Like other Motorola phones we’ve reviewed, the XPRT incorporates a not-very-impressive 5-megapixel camera with dual-LED flash. Motorola’s camera user interface isn’t my favorite, but you do get a good number of scene modes and effects, plus face detection and geotagging. In my indoor photos, colors looked washed out and details were fuzzy. My outdoor photos fared slightly better, but they weren’t especially strong. The camcorder is mediocre, too: My 720-by-480-pixel-resolution videos looked somewhat fuzzy, though the camcorder function is acceptable for capturing short clips.
For your multimedia needs, you get the standard Android media player, which supports MP3, AAC, AAC+, H.263, H.264, and MPEG-4 video and music files.
Call quality over Sprint’s 3G network in San Francisco was quite good. My friends on the other end of the line reported that my voice sounded loud and clear, with no distortion or static.
Sprint’s 3G coverage in the South Park neighborhood of San Francisco was reliably good. PCWorld’s mobile site launched in 9 seconds, and our full site launched in 43 seconds. As we grow accustomed to 4G speeds, this loading period may seem slow, but it’s pretty fast for a 3G network.
BlackBerry is currently in the process of exploring “strategic alternatives” for the company, which may include putting it up for sale.
BlackBerry CEO Thorsten Heins, as part of a five-person committee, will look at a number of options including joint partnerships or alliances, as they attempt to raise stock value and increase sales of the company’s new BlackBerry 10 smartphones.
“During the past year, management and the board have been focused on launching the BlackBerry 10 platform … establishing a strong financial position, and evaluating the best approach to delivering long-term value for customers and shareholders,” said Timothy Dattels, chairman of BlackBerry’s new committee. “Given the importance and strength of our technology, and the evolving industry and competitive landscape, we believe that now is the right time to explore strategic alternatives.”
Said Heins in a release to the Canadian Press.
The announcement caused BlackBerry stock to jump more than 6% in early trading. This news comes on the heels of rumors that circulates late last week about BlackBerry’s board and executives warming up to the idea of potentially taking the company private. BlackBerry’s transition to a new operating system and a new line of smartphones has been the subject of investor scrutiny. Going private would shield BlackBerry from further scrutiny as the new phones struggle to gain traction with consumers.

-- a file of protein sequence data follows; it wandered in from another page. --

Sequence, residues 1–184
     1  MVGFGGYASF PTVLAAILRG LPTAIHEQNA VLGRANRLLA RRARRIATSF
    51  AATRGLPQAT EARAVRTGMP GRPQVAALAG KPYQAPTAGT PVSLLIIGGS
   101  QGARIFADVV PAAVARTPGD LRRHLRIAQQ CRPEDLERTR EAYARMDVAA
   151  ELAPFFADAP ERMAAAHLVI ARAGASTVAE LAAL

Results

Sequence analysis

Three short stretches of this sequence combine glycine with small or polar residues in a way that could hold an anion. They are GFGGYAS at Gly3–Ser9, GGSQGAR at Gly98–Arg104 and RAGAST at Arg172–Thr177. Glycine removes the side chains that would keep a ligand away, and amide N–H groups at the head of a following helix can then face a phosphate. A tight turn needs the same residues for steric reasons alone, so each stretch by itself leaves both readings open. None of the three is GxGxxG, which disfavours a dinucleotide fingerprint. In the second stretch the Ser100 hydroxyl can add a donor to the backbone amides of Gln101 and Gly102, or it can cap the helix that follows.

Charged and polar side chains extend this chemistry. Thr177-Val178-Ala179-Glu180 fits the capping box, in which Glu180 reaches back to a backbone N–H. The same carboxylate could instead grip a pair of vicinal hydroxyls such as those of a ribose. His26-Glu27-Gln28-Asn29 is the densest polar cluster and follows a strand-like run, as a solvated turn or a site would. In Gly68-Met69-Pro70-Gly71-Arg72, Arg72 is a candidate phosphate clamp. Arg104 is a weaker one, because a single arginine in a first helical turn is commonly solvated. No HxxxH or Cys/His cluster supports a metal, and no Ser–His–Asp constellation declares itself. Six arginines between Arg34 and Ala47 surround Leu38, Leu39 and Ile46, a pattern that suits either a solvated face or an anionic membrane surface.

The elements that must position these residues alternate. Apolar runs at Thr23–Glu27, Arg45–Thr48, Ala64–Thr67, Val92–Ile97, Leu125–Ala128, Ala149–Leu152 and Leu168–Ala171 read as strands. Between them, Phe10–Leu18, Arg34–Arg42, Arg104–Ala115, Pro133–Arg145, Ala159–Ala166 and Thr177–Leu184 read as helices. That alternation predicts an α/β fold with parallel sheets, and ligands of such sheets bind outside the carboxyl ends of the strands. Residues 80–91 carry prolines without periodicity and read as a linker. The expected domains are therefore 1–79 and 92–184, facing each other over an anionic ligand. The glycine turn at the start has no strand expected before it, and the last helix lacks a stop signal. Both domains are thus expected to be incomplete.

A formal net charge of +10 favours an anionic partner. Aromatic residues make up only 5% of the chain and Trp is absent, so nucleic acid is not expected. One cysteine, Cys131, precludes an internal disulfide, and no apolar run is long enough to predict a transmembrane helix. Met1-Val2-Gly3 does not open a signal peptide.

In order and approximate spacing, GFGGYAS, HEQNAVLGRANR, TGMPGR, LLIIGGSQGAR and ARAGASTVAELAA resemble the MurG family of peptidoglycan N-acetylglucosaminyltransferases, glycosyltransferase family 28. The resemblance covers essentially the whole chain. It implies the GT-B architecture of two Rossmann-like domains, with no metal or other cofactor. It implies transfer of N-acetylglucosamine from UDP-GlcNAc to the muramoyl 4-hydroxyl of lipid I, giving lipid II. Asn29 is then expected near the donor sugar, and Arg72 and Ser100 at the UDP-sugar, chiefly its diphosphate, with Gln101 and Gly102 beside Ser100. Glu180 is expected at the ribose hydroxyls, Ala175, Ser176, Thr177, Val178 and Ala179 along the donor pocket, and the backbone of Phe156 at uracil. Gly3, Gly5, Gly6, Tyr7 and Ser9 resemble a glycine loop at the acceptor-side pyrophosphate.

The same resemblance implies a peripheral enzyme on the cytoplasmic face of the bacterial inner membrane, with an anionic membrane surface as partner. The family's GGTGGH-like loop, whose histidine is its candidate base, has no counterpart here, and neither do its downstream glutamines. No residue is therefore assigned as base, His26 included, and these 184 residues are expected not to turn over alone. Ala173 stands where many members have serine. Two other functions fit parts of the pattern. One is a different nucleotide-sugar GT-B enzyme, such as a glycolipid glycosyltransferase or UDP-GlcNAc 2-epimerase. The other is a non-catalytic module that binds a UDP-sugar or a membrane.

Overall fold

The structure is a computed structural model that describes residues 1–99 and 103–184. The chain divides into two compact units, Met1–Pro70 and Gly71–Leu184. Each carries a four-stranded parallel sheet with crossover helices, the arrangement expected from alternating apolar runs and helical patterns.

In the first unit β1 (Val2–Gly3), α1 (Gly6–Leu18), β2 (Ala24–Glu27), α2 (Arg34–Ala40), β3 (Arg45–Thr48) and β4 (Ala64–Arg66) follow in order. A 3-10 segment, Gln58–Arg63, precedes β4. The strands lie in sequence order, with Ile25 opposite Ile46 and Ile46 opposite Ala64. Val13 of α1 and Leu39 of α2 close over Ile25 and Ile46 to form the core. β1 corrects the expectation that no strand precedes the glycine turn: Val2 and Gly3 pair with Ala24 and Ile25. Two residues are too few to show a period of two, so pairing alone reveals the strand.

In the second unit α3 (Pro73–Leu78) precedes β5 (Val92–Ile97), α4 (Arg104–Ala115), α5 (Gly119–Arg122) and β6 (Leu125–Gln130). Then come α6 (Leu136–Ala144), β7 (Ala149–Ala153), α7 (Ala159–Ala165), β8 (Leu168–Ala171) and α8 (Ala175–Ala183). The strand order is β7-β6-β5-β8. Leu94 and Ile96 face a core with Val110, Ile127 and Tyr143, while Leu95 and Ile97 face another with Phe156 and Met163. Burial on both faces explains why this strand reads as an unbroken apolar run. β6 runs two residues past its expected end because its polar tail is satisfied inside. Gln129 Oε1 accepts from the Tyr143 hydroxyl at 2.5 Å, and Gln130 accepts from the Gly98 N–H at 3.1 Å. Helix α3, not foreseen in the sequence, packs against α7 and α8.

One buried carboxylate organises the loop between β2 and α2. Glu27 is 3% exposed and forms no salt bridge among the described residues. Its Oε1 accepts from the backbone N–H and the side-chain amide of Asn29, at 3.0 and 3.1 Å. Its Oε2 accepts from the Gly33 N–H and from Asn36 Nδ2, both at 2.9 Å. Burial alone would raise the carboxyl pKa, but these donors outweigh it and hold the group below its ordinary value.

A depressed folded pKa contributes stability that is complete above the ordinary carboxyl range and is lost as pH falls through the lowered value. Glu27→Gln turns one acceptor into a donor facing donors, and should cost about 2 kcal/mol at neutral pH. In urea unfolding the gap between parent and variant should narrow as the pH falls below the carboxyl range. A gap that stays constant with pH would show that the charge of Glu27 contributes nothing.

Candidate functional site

Timothy Dattels, who is a senior partner at TPG Capital, will be heading the strategic review. Dattels joined BlackBerry’s board last year and had this to say in the same release:
“Given the importance and strength of our technology, and the evolving industry and competitive landscape, we believe that now is the right time to explore strategic alternatives.”
While Heins has repeatedly stated a preference for creating and selling new products rather than selling the company, he has publicly stated that no option is off the table at this point.
Previously, we had to connect our devices to a speaker through a cord to hear the music. This, many times, prevented us from being able to charge said device, go in the other room to answer an email with it, or do other things with the device being used. Cords were a way that tied down that device, forcing you to interrupt the music session when needed. While this may be just fine for someone blasting music to their own delight at home, for individuals at parties, this just isn’t acceptable. Blackberry Music Gateway solves this problem by allowing individuals to have a device connected to their speakers, sort of as a connection portal (or Gateway) that connects the device holding the music, with the gadget playing the music.
The good thing about this device is that you don’t need to own a Blackberry to connect to it. As long as your mobile devices support bluetooth or NFC, you can easily pair it with the Gateway and blast your music wirelessly. And yes, when I say “mobile devices”, it includes your laptop as well.How Do I Set it Up?
First off, you need to ensure that you have your device connected before connecting to the speakers. To do this, ensure that your Gateway is in some sort of power source. This can be a laptop if you are on the go (through the USB port), your car headphone jack, or even an outlet if you’re stationary. From there, you should see a light on.
You should expect to see either a blue, red, or green at any time through the life of your Blackberry Music Gateway.
Green always means that it’s powered on.
A red light always means you don’t have a connection. If it’s flashing quickly, this should be an alert to you that you lost your connection. If blinking slowly, this simply means you haven’t attempted a connection just yet.